Which Masonic Jewel Should I Wear Today?

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Which Masonic Jewel Should I Wear Today?

By Bro. Mike Lawrence

I followed this meeting with several visits in quick succession and this only compounded that confusion and I therefore decided to research the subject of jewel wearing.  I will not go into the origin of jewels nor shall I make any claim that the information collated in this article is all correct, but least to say I have made prudent enquires from the Book of Constitution, Grand Lodge Officers and Senior brethren of my Province and have arrived at these short guidelines.

I must make it quite clear to all that this is not the definitive article for jewel wearing and I would always advise brethren to seek further advice as to the appropriate wearing instructions for the jewel that they have purchased or have been presented.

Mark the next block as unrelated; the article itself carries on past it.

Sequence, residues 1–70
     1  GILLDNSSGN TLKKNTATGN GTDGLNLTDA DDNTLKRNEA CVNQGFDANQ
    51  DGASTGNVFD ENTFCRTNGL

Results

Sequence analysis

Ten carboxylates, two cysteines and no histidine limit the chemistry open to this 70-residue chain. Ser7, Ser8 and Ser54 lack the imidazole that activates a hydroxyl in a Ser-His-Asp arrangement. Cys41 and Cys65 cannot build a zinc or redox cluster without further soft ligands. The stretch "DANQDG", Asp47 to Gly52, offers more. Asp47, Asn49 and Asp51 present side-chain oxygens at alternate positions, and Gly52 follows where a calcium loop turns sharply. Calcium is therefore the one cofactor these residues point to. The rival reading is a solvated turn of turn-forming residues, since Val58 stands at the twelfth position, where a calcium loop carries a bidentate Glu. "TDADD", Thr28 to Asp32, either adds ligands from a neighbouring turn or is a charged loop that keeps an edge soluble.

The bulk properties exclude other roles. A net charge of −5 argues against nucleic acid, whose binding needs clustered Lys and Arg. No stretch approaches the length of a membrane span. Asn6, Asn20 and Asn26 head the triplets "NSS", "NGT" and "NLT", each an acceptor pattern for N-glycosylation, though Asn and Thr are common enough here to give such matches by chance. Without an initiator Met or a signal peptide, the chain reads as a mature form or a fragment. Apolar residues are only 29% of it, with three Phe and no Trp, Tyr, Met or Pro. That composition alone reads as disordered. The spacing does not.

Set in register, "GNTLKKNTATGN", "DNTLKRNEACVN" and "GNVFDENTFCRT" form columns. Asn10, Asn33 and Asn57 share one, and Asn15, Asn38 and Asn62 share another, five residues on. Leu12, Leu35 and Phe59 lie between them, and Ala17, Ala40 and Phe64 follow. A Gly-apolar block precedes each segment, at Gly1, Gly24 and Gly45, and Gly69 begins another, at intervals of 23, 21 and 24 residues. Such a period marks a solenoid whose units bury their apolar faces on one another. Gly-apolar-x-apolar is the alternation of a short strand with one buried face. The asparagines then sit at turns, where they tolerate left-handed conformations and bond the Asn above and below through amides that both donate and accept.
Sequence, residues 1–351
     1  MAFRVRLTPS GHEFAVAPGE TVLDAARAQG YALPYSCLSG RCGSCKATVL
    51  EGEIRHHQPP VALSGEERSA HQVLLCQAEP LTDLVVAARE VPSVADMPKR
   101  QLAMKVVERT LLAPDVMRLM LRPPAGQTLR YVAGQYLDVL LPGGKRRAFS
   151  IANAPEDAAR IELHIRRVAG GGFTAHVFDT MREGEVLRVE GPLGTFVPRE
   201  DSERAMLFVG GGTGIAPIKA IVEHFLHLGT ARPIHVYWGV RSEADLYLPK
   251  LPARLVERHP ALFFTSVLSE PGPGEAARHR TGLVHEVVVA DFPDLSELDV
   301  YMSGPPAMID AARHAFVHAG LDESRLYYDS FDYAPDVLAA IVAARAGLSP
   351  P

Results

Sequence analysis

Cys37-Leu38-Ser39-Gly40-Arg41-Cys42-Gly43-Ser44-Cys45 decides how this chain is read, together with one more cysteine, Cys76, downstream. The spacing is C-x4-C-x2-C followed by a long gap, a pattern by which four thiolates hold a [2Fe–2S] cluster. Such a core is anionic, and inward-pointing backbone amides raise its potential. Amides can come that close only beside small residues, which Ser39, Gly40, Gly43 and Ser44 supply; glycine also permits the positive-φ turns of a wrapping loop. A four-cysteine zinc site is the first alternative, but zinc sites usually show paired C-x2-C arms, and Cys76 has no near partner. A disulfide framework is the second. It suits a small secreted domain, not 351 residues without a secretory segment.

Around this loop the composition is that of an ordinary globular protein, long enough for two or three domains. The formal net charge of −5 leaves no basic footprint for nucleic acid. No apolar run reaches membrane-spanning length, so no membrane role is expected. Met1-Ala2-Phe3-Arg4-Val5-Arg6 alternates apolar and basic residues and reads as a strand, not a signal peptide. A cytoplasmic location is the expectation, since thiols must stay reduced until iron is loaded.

So! Here we go:

Past Master Jewels are worn at Craft meetings only for the duration of the period before honours are received. This jewel should not be worn with Provincial, London Grand Rank or Stewards regalia.


Past Masters Jewel

Founder’s Jewels for Craft can be worn at Craft meetings; founder jewels for Royal Arch Chapters should only be worn at Chapter Convocations.

a3          a4

Craft and Chapter Founders Jewels

Permanent Grand Lodge Charity Jewels can be worn at Craft meetings.

Charity Jewels are valid for the year in which they were earned and can be worn at Craft meetings for that duration only. Charity jewels are not worn after the close of that event.

Festival Jewels unique to the Province which issued them, can be worn at Craft or Chapter meetings within that Province for the duration of that Festival.


Quatuor Coronati Correspondence Circle Membership Jewel can be worn at Craft meetings.